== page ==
Can You Sleep With Contacts In?


Written by Dr. Michael Breus

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One-third of people who wear contact lenses admit having slept or napped without taking them out first. We discuss what happens if you sleep with contacts in, why this may leave you more vulnerable to infection, and how to protect your eyes if you wear contact lenses.

Experts strongly recommend against sleeping with contact lenses in. People who sleep in contact lenses are six to eight times more likely to develop an eye infection.

All types of contact lenses increase your risk of infection, even extended wear lenses and lenses that are approved for use overnight by the Federal Drug Administration (FDA). Although soft lenses are less likely than hard lenses to physically harm the eye, they are actually responsible for more infections.

Napping with contacts also raises your risk of infection, so try to take your contacts out every time you think you might fall asleep.

What Happens if You Sleep With Contacts In?

You may find that nothing happens to you after sleeping with contacts in, or you might experience short-term eye redness or inflammation without a full-blown infection. However, for the unlucky people who do sustain an infection, the experience can lead to serious consequences such as hypoxia, corneal ulcers, and permanent loss of vision.

Eye infections from contact lenses are estimated to happen in fewer than 2 out of each 1,000 contact wearers, though the rate is much higher for those who sleep in contacts. Keratitis is the medical term for an inflamed cornea, the part of your eye that sits against the contact lens. A common type of keratitis that affects people who wear contact lenses is microbial keratitis, which can be caused by bacteria, fungi, parasites, or other microorganisms. The majority of contact lens-provoked eye infections are caused by bacteria called Pseudomonas aeruginosa.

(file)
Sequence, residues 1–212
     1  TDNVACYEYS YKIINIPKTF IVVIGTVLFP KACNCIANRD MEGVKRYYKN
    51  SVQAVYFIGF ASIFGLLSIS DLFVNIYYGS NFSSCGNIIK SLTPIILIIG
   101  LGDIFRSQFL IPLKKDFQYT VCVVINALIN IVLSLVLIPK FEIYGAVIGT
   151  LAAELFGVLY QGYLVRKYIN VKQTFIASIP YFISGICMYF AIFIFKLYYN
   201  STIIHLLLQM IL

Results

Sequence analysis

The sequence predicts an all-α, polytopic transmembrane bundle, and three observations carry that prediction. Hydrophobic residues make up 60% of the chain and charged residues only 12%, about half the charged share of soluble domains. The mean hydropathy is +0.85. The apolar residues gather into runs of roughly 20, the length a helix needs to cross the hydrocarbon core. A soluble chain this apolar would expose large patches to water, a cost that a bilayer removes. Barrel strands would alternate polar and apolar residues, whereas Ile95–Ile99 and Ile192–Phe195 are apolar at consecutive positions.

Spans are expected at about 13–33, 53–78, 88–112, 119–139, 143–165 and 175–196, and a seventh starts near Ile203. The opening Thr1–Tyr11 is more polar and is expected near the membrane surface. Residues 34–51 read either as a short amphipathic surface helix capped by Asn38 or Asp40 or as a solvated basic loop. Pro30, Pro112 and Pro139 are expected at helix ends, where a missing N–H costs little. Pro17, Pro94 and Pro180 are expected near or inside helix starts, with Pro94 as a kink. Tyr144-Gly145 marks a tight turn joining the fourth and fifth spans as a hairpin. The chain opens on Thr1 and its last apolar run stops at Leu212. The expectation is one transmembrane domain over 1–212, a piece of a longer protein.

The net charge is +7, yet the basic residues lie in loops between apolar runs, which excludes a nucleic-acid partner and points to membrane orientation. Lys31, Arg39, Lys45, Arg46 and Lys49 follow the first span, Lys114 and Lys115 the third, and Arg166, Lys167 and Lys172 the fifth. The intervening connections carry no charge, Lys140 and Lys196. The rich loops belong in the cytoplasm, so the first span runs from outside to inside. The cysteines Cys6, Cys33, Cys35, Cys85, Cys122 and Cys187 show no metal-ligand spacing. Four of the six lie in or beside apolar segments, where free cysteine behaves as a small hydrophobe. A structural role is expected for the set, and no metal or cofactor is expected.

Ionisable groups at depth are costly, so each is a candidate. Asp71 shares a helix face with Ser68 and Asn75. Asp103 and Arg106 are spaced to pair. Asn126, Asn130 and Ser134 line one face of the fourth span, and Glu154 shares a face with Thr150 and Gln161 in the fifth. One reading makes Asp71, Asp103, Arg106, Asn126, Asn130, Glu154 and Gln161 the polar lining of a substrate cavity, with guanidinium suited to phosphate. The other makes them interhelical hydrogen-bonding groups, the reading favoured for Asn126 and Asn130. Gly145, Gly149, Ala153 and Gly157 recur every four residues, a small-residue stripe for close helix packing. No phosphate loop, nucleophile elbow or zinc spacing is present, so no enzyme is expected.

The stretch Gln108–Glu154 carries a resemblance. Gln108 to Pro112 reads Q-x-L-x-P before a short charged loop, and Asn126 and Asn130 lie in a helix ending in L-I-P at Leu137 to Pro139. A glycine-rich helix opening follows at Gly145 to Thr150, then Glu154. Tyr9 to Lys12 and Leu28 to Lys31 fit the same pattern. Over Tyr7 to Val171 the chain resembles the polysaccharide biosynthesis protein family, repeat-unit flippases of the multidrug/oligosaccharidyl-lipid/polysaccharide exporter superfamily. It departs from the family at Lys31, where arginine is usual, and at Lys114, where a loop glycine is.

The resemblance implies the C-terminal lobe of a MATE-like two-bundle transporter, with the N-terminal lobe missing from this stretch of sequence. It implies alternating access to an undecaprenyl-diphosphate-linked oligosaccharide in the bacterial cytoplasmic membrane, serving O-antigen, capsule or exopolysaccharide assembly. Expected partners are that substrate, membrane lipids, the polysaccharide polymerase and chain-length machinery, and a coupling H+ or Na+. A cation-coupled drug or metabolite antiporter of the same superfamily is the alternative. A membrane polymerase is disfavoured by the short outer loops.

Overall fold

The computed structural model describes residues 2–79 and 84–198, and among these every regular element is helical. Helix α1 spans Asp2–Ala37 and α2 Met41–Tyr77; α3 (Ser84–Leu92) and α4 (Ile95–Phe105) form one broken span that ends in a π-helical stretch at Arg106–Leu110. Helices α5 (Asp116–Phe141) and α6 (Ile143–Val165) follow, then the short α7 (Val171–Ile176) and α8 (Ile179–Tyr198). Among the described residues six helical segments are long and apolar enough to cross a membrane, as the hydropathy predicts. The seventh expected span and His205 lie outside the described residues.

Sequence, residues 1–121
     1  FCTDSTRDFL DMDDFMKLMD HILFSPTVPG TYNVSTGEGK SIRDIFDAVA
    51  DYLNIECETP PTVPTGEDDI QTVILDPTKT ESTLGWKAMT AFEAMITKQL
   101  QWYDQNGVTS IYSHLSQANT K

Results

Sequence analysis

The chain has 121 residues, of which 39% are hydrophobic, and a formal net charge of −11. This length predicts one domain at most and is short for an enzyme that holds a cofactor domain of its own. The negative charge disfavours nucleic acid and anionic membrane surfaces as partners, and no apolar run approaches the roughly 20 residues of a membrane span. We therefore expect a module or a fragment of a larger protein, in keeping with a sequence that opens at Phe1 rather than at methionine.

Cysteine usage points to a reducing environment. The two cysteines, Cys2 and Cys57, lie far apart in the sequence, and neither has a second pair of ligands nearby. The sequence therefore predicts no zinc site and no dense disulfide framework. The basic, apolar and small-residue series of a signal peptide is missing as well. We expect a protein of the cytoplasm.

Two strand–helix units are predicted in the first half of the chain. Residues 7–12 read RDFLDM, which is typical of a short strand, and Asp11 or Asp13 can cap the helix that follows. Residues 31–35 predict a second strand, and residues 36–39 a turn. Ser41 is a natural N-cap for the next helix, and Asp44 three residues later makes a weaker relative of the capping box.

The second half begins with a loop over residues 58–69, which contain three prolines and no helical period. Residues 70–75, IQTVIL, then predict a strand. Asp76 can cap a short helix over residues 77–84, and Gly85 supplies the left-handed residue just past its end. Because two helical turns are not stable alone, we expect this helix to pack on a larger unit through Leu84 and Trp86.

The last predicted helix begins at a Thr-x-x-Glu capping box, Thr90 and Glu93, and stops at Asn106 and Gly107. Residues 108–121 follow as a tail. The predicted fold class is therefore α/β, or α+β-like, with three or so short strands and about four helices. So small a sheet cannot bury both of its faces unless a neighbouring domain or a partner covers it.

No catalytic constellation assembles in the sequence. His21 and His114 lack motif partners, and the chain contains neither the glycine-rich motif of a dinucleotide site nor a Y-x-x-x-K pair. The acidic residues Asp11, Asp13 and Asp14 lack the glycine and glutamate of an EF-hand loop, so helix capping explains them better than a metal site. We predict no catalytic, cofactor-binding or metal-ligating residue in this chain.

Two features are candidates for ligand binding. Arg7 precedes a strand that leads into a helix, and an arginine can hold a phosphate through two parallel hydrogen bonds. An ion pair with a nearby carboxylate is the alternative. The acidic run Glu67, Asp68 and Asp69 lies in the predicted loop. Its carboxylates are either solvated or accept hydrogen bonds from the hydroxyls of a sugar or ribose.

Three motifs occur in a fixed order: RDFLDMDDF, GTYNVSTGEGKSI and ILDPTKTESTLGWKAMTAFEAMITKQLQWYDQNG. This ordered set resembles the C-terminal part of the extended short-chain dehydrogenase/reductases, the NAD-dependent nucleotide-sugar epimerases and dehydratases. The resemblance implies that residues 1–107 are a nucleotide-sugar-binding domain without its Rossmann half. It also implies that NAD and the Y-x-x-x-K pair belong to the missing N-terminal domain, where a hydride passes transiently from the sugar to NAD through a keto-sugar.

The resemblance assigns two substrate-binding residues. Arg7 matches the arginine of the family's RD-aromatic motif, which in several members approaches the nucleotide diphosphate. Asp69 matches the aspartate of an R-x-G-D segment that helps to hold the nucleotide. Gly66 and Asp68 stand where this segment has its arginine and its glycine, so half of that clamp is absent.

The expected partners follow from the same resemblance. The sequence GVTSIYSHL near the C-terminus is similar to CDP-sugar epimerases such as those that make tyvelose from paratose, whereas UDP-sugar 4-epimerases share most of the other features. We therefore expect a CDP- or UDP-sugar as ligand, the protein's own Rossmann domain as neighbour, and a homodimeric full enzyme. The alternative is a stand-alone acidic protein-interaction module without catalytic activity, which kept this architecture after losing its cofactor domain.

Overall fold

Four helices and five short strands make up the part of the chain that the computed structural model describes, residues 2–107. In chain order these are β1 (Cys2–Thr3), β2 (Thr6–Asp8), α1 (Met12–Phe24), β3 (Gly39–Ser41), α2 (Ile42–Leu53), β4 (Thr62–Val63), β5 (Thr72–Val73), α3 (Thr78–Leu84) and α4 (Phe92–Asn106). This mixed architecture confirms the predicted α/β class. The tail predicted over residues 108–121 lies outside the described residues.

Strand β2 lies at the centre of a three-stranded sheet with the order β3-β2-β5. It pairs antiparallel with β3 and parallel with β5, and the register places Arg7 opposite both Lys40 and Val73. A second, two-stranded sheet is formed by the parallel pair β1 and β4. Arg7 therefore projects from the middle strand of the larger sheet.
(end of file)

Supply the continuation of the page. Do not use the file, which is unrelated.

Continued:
To treat microbial keratitis, your doctor may prescribe antibiotic eye drops. Severe infections may require corrective surgery to save the eye, which may result in scar tissue or decreased vision.

How Sleeping With Contacts Increases Your Risk of an Eye Infection

Experts believe contact lenses not only weaken your eye’s defenses, but also enable changes in pathogenic microorganisms that pave the way for infection.

One way contact lenses affect the eye’s defense mechanisms is by reducing the flow of tear fluid, which normally helps clean the eyes. Wearing contact lenses while your eyes are closed is thought to pose an even greater barrier to tear fluid.

Although more research is needed, the physical composition of the eye’s outer layers likely also changes with contact lens use, enabling pathogens to gain access more easily. The lenses may also cause friction when a person blinks or during rapid eye movement (REM) sleep.

When wearing contact lenses, bacteria may become trapped between the lens and the eye instead of being cleared away. The longer you wear contacts, the more the eye is affected and the more time the bacteria have to adapt and become aggressive. Wearing contact lenses for more than eight hours also seems to create a friendlier environment for bacteria on the back of the contact lens itself.